News - Ford - Escape - 4WD
Ford digs deep for great Escape
A new sub-compact four-wheel drive wagon called Escape will spearhead Ford's push into Australia's fastest growing market segment
22 Jul 1999
FORD Australia is gearing up for a three-pronged attack on the thriving all-terrain wagon market.
The models in Ford's future 4x4 planning are: * An all-new compact RAV-4-style wagon being developed in the US which uses a Mazda 626 platform and is tipped to be called the Escape.
* The so-called Raptor, an Australian-produced model based on the Falcon platform but with four-wheel drive and a more utilitarian body - mainly designed for export.
* The big US-built Expedition, which would sit above the current Explorer range in the full-size off-road wagon market.
The frustration for Ford executives is all three models are at least several years away and in the meantime the company is losing valuable ground in Australia's fastest growing market segment.
All-terrain wagons could account for 100,000 sales this year but Ford will have only a 1.8 per cent share with its only entry, the Explorer.
The big gains in the segment are coming with compact designs like the Toyota RAV-4, Honda CR-V and Subaru Forester, which account for 22 per cent of sales between them.
It is therefore no surprise Ford Australia is most interested in the new global vehicle being developed in conjunction with Mazda for release in 2001.
This has been code-named U204 within Ford but we understand the international marketing department has opted for the name Escape.
Although early plans suggested it would be based on the Ford Mondeo platform, we understand the Mazda 626, which has already been developed for four-wheel drive, will form the base for the new vehicle.
Production is expected to be about 160,000 units a year in America with Mazda building another 60,000 annually in Japan.
It is possible the Australian market vehicles will come from Japan, also a right-hand drive market.
Like most of its rivals, the main engine for the Escape will be a four-cylinder unit of between 2.0 and 2.2 litres, but there will also be a luxury 3.0-litre V6 range-topper.
The engines will drive through conventional five-speed manual or four-speed automatic transmissions with all four wheels driven by an electronic system which only applies power to the rear wheels when extra traction is required.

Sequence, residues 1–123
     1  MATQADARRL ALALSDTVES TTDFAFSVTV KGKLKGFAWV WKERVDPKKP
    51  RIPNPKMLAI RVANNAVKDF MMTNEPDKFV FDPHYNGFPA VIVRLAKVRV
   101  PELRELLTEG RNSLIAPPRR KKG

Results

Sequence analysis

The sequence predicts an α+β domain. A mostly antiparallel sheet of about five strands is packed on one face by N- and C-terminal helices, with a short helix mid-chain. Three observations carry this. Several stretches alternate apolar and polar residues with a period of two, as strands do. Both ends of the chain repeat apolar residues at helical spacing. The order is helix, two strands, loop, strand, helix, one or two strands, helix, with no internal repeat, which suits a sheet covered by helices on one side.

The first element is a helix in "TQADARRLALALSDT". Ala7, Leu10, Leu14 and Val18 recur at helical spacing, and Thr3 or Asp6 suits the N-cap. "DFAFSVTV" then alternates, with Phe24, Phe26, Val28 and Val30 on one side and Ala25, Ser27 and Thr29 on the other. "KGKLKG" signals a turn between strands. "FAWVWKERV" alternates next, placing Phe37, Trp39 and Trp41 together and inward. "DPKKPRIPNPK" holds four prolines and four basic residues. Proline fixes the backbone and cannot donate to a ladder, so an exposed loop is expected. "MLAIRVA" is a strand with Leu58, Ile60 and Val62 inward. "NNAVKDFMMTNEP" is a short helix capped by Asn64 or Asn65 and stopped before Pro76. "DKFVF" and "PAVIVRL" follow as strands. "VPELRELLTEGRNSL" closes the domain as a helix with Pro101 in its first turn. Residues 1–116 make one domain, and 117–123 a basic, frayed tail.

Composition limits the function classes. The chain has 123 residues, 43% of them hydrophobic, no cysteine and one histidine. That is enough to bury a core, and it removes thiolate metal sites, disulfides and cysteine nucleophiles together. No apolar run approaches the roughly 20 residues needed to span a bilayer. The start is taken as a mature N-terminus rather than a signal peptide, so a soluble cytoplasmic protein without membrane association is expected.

Spy shots from Europe, where development has been taking place, suggest the Escape will look like a scaled-down Explorer in order to slot into the Ford line-up around the world.
The concept of the Escape was revealed at the Detroit Motor Show in January, 1998, in the form of the Alpe Limited, which was based on the smaller European Escort platform (which is Laser size).
But the Alpe's sharp lines below the waistline have been smoothed over to make it more conservative for international markets.
Ford Australia's sales and marketing director, Mr Matthew Taylor, confirmed the company's interest in getting the Escape and revealed a prototype was already in Australia being evaluated.
"A sub-compact four-wheel drive vehicle is on our wish list and we are looking at the vehicle that is being developed on a global basis for various markets, not just Europe," he said.
"It is being tried and tested out here in Australia to see whether it is suitable for our market as well." Mr Taylor said he was keen to get the vehicle "as quickly as possible" but had no firm dates.
He also confirmed interest in the big V8-engined Expedition but said there were no plans yet for this to be produced in right- hand drive.
"We are talking to the US to see whether there is the ability to convert it to right-hand drive and make a viable equation to bring it out to the Australian market," said Mr Taylor.
"Given the growth in the all-terrain wagon segment, any of the products we have on a world-wide basis - and remember we are the world's largest manufacturer of four-wheel drive products - we have to look at all of these products and see which ones fit into the Australian market.
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